The rosogolla row

Indians love getting the Geographical Indication tag for anything, but does it confer any special benefits?

By Latha Jishnu
Last Updated: Friday 04 September 2015
Illustration: Tarique Aziz
Illustration: Tarique Aziz Illustration: Tarique Aziz

Illustration: Tarique Aziz

Now it is the turn of rosogolla to get its 15 seconds of fame. This spongy sweetmeat—made from perfect spheres of chhanna, a cross between cottage cheese and cream cheese, that are dunked in sugar syrup—is now vying for a Geographical Indication (GI) tag and creating quite a media ruckus because the application has come from Odisha and not Bengal, the state with which it is commonly linked. Anyone who has ever eaten or bought the sweet from the zillions of Bengal sweet houses that dot India’s culinary landscape believes it is a Bengali delicacy.

But that, it turns out, is not quite true. The rosogolla, according to a treacly overdose of food history that is spreading across the media space in newspapers, websites and Twitter, originated in neighbouring Odisha, in a little village called Pahala on the highway between Bhubaneswar and Cuttack. Apparently, it was called kheer mohana and was being offered at the Jagannath Temple in Puri since the 18th century, at least a century before the legendary Nobin Chandra Das of Kolkata invented it. Now, culinary history can be pretty fascinating and I am as interested as any epicurian in picking up some nuggets on the origins of certain dishes. But frankly, the sudden passion of the Odiyas for staking their claim to the rosogolla is puzzling. It was sparked by a move initiated by the Micro, Small and Medium Enterprises (MSME) department of the Odisha government to get a GI tag for this sweet. A GI is an intellectual property right (IPR), somewhat akin to a brand name, that is granted to a product because of its geographical uniqueness.

GI products always carry the name of the place from where they originate, because agricultural items in particular have qualities that derive from their place of production and are influenced by local factors, such as climate, soil and water. Hence, the name, champagne, for the bubbly that is made exclusively from grapes grown in the Champagne region of France. Or Scotch whiskey that is made in Scotland using only the clearest and purest water from its lochs and rivers. Or our own Darjeeling tea that comes from, of course, Darjeeling. The GI is a community shared benefit that aims to protect and expand markets globally.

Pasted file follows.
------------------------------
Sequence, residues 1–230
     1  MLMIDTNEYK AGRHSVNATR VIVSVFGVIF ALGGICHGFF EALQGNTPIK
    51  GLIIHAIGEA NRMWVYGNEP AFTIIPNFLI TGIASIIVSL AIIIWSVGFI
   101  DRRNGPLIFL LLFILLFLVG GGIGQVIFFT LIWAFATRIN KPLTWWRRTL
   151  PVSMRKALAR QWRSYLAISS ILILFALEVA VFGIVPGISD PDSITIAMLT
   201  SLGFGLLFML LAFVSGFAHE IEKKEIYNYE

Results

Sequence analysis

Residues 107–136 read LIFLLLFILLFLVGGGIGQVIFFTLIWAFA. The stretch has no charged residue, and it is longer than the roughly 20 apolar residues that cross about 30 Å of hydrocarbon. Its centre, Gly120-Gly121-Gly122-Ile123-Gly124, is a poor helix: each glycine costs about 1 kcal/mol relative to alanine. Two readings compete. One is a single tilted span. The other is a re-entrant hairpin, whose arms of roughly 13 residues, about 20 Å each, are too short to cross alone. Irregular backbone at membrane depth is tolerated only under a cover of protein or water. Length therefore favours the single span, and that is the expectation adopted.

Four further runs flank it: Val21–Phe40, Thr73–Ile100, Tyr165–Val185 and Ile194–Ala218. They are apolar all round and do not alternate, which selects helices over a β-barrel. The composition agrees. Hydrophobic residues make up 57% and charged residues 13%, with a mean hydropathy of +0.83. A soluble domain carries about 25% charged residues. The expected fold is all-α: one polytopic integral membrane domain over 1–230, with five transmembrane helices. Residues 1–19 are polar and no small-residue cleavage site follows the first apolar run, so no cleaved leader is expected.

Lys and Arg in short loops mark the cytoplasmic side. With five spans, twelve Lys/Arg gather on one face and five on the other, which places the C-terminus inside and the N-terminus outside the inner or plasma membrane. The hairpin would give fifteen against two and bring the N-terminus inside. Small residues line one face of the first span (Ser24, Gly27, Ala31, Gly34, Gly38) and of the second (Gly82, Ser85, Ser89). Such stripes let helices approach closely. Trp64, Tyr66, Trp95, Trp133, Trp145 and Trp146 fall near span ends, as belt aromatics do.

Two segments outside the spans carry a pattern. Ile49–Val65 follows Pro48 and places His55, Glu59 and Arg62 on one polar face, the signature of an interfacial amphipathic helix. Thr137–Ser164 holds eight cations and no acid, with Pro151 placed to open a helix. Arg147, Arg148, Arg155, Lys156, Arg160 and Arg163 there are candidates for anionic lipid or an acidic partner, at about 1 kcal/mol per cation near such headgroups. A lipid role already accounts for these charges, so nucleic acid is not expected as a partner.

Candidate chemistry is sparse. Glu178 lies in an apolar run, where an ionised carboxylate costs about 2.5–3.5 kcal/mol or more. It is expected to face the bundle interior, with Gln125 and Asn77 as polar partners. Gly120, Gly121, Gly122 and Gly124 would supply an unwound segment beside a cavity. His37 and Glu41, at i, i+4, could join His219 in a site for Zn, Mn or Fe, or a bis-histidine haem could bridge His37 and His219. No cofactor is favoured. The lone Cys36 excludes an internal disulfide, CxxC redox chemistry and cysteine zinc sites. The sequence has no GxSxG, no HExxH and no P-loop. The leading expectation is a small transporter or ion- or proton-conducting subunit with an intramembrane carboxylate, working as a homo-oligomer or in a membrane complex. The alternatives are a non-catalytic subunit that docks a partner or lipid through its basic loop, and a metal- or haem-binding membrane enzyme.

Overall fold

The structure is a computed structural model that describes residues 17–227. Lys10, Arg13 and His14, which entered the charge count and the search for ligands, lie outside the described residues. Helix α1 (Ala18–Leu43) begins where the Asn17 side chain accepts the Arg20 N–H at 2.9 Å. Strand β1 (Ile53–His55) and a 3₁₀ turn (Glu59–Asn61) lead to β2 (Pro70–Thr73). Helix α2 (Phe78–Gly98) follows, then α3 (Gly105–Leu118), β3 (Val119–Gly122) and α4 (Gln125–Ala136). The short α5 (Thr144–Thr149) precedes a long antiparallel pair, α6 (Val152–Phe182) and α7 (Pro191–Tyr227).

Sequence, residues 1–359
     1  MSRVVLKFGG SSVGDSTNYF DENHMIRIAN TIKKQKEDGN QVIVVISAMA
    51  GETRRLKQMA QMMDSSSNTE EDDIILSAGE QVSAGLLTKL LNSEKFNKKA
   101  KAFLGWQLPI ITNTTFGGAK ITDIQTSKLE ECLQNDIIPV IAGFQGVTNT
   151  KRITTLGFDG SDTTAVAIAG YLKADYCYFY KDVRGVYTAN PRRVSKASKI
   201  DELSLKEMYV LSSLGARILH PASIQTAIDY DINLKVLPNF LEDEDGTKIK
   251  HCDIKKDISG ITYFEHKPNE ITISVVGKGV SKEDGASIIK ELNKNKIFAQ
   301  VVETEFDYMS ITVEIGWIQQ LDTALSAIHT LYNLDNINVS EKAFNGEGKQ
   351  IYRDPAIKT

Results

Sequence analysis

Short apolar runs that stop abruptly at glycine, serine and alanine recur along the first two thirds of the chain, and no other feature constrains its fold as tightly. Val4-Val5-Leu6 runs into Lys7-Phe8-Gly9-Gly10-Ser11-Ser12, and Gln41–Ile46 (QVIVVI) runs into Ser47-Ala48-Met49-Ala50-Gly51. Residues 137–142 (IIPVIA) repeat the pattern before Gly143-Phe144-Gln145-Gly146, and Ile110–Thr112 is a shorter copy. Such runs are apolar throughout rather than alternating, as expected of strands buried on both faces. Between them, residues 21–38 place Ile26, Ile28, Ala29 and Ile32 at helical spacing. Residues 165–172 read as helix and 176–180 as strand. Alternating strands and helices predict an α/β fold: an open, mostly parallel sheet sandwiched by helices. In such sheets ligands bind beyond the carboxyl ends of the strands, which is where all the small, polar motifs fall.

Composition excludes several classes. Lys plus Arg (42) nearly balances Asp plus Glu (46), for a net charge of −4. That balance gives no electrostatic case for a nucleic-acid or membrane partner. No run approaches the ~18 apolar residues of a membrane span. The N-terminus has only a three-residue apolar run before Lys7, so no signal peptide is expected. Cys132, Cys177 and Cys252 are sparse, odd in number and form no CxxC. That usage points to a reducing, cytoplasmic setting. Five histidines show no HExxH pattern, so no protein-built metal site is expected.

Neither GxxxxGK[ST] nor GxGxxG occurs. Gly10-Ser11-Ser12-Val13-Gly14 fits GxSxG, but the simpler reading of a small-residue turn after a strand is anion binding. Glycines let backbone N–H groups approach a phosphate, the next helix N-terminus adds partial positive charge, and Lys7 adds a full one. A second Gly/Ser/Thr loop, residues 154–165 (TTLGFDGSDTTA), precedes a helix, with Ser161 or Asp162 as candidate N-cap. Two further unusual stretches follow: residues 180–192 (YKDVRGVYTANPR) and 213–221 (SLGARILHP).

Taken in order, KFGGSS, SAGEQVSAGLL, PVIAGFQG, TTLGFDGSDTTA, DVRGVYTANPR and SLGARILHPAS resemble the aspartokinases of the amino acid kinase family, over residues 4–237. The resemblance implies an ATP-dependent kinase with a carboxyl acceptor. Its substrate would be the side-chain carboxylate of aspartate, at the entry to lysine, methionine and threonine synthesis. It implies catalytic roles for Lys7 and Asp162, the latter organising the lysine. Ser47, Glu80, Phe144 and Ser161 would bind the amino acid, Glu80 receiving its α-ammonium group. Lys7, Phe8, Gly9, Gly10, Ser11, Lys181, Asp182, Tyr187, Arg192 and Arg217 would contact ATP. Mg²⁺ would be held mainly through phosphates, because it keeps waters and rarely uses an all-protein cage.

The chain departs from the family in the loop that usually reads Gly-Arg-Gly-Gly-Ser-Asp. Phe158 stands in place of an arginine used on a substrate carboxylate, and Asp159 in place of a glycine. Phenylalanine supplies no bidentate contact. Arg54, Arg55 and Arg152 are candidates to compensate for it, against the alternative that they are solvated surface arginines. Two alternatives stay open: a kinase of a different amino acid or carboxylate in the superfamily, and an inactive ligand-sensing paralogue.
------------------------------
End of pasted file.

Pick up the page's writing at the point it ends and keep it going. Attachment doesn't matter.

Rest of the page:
French makers of champagne and Scottish producers of Scotch do not want imitators in India or elsewhere calling their wares by either of these protected GI tags. Nor are Darjeeling tea growers likely to be willing to let tea gardens in Sri Lanka, for instance, to pass off their product as Darjeeling.

But why are Indians determined to get the GI tag for a crazy assortment of items, ranging from wet grinder (made in practically every nook and corner of south India), jasmines grown in various districts, or for ubiquitous food items such as haleem, laddoo and peda? Each region, city or village has its own variant of such products but India being what it is, these popular items are made and sold everywhere and are unlikely to get any market leverage just because there is a GI tag attached to it. At least in food items, there is not the slightest indication that domestic markets—hardly any of the products are being exported—have expanded because of a GI label.

The Geographical Indication Registry in Chennai has so far handed out 236 GIs, many of them on questionable grounds. For the most part, GIs are seen as an end in themselves and state governments have done nothing much to promote the products or to help the communities capitalise on this advantage.

My neighbourhood Bengali shop makes a superb rosogolla and has no dearth of patrons. They have hardly heard of GIs or Pahala and are not likely to care.

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